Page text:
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date: 18 September 2019

Abstract and Keywords

In 1590, Edward Allde printed a slim quarto of thirty-six leaves containing John Lydgate’s The Serpent of Devision (1422) and Thomas Norton and Thomas Sackville’s Tragedye of Gorboduc (first performed in 1561). This article examines the extent and nature of the “cultural reformations” that occurred in late medieval and Tudor England, using the joint publication of the two works as a useful starting point. It considers three types of community: the national communities – Gorboduc’s Britain and Caesar’s Rome – that these texts depict; the imagined communities of readers/spectators that they address; and the Elizabethan political community that they envisage. It also discusses the often interrelated processes of religious, social, political, technological, and cultural change witnessed in the period and analyses the ways in which these processes can be traced through the revisions made to the fifteenth-century Serpent for its publication in 1590.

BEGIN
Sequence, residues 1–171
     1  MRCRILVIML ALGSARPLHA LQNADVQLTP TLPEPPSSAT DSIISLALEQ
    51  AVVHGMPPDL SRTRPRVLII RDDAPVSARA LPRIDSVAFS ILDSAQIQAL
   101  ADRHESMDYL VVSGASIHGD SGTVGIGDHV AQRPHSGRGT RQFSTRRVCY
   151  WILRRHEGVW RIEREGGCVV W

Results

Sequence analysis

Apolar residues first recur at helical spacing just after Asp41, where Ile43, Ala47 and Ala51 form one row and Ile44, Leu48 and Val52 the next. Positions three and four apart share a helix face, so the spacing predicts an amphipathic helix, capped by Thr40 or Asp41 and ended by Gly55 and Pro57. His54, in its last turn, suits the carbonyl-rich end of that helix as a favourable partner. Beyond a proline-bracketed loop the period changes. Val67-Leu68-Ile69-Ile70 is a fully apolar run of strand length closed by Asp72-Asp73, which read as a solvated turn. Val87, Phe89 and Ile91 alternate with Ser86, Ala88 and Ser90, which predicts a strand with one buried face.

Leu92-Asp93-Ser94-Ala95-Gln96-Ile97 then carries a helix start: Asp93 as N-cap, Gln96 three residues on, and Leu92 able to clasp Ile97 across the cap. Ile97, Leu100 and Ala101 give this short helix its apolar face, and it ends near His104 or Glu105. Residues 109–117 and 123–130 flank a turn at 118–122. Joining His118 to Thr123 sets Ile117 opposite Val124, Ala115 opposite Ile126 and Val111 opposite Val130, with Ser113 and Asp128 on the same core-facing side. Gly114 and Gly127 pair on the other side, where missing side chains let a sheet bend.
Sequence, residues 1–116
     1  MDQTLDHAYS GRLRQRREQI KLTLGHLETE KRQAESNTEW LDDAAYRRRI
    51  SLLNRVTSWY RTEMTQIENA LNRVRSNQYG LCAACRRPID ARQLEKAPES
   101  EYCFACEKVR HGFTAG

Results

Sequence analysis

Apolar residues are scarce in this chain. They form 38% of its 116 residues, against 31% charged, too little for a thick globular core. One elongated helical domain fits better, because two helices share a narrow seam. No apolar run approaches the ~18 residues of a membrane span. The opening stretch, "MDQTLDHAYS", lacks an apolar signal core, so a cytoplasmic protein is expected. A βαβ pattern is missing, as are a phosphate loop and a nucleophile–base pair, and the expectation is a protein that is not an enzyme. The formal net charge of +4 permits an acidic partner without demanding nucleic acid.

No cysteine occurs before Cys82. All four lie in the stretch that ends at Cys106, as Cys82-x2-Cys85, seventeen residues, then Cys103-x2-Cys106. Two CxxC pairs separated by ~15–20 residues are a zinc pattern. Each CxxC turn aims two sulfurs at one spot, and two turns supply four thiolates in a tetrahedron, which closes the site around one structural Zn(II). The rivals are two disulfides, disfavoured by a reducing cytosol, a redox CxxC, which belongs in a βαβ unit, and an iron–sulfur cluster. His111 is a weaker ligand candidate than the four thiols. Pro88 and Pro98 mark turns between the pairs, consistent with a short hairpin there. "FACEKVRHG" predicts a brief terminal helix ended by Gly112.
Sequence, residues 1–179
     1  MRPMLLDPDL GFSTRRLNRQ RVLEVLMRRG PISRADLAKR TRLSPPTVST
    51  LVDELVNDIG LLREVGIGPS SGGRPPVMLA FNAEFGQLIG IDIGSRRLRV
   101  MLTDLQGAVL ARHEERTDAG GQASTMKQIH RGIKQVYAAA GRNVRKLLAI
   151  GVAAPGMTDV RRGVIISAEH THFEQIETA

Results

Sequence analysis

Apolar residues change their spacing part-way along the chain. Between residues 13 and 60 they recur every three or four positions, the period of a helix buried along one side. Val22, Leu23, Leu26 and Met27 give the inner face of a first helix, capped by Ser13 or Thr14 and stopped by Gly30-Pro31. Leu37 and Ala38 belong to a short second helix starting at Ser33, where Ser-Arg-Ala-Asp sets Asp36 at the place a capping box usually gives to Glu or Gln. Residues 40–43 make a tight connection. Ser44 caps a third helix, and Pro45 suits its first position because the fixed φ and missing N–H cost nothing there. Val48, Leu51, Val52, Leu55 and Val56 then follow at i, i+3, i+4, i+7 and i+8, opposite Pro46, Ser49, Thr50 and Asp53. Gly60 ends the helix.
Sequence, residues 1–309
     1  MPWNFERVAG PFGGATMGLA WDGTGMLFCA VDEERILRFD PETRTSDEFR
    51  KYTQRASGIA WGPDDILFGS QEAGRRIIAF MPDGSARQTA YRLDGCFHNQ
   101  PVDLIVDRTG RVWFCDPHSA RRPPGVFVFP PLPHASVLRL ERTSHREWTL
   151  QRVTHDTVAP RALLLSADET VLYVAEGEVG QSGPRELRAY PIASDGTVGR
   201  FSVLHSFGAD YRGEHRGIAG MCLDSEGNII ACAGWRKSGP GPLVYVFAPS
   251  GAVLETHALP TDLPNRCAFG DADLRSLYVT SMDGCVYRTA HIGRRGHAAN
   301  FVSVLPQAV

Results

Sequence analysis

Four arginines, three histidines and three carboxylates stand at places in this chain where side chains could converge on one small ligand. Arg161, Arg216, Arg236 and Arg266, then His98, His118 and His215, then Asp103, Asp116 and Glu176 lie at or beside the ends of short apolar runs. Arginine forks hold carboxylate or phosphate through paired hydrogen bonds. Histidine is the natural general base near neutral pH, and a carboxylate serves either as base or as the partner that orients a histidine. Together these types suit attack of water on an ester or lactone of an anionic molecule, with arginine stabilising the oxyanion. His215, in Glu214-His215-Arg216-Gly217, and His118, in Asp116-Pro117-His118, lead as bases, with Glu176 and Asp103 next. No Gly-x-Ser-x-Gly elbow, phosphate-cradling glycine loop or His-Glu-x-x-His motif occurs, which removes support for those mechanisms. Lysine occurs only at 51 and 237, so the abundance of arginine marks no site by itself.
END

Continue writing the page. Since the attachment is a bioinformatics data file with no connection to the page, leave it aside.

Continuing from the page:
Keywords: The Serpent of Devision, Gorboduc, Edward Allde, John Lydgate, Thomas Norton, Thomas Sackville, England, Rome, political community, prose style

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